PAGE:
WASHINGTON • The White House is reviewing Environmental Protection Agency chief Scott Pruitt's activities after reports he paid below the market rate to live in a condo owned by a lobbyist who deals with issues overseen by the agency, the Wall Street Journal (WSJ) reported on Monday, citing an unnamed White House official.
Mr Pruitt has declined to comment on the rental arrangement reported last week, and an agency spokesman defended his conduct last Friday and said the lease agreement was in line with federal ethical regulations.
WSJ quoted the official as saying the purpose of the inquiry was to "dig a little deeper".
The Environmental Protection Agency (EPA) signed off last March on a Canadian energy company's pipeline-expansion plan at the same time that the EPA chief was renting a condominium linked to the energy company's powerful Washington lobbying firm, Williams & Jensen.
Both the EPA and the lobbying firm dispute that there was any connection between the agency's action and the condo rental, for which Mr Pruitt was paying US$50 (S$65) a night.
"Any attempt to draw that link is patently false," Mr Pruitt's spokesman said in a statement.
Another White House official said few people were coming to Mr Pruitt's defence, the WSJ said, although there is no sign yet that his position is in jeopardy. The White House did not immediately respond to a request for comment.
ABC News and Bloomberg News reported last week that during his first six months in Washington last year, Mr Pruitt made a deal to pay about US$50 a night - less than a third the price for similar properties - to rent a room in a Capitol Hill neighbourhood condo building co-owned by energy industry lobbyist Steven Hart and his wife.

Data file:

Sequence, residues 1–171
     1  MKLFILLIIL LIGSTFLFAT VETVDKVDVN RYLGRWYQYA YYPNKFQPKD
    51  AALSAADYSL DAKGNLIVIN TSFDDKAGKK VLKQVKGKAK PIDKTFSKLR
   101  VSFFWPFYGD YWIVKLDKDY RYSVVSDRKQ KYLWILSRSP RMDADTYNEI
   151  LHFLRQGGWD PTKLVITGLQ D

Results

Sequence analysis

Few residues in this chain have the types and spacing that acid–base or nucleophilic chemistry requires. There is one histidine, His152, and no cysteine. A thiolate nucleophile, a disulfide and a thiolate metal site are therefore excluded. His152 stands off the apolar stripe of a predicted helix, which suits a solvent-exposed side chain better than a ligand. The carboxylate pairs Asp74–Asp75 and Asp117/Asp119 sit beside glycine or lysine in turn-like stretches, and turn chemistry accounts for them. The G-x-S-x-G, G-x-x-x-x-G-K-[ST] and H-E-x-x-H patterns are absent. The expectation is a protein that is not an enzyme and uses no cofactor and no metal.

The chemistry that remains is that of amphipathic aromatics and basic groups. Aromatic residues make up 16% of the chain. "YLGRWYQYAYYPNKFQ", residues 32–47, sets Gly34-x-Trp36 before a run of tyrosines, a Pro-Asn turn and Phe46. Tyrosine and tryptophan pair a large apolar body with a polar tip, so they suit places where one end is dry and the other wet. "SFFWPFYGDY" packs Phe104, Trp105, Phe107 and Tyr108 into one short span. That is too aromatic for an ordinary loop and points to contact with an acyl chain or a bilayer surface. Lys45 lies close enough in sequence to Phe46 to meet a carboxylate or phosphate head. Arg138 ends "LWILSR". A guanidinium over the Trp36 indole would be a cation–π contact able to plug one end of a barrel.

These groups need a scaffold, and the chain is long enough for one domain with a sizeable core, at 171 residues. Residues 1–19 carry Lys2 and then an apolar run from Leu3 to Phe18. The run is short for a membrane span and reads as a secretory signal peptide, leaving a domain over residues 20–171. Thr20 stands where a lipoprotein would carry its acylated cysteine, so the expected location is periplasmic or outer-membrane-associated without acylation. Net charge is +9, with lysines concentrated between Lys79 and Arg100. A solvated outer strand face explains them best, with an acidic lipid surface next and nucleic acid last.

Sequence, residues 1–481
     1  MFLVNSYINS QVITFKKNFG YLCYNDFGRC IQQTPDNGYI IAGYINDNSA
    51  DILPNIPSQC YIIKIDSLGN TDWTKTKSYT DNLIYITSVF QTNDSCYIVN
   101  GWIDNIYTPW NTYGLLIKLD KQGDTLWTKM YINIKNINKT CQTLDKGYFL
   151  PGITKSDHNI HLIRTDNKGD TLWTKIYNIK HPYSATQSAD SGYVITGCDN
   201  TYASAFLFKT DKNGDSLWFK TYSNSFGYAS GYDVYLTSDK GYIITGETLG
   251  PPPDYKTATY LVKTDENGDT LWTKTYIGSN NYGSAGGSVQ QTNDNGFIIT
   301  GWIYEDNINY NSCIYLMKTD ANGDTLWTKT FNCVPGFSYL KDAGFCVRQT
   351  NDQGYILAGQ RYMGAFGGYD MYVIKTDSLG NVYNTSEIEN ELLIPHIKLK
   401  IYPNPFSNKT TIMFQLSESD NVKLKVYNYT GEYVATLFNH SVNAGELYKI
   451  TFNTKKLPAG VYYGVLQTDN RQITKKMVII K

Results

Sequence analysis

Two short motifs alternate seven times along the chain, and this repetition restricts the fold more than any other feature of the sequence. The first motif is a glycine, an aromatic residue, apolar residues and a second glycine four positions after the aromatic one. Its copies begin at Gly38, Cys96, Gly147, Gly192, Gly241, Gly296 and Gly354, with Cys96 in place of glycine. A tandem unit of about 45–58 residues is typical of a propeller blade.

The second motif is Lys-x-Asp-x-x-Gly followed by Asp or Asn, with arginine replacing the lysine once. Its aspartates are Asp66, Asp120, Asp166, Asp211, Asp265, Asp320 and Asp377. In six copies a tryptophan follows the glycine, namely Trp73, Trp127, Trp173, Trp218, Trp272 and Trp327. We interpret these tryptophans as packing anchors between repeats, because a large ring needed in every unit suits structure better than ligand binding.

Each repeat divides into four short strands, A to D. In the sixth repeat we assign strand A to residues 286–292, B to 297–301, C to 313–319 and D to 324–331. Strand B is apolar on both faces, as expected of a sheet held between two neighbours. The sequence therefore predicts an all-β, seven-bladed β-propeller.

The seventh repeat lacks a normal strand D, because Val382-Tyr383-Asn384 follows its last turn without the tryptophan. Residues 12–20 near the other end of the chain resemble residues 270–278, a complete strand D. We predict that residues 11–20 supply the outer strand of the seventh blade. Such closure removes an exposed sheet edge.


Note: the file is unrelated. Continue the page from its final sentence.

Mr Pruitt, a conservative who previously served as Oklahoma's attorney-general, is also one of several members of United States President Donald Trump's Cabinet who have come under scrutiny for their travel practices.
The EPA confirmed last month that Mr Pruitt's private security detail accompanied him on first-class flights. Mr Hart's firm represents companies regulated by the EPA, including Oklahoma Gas & Electric, shale producer Concho Resources, ExxonMobil and liquefied natural gas (LNG) firm Cheniere Energy.
Travel records obtained through a public records request showed that Mr Pruitt spent more than US$17,000 in taxpayer money for a December trip to Morocco to promote US exports of LNG, although marketing the US resource is not under the jurisdiction of the EPA administrator.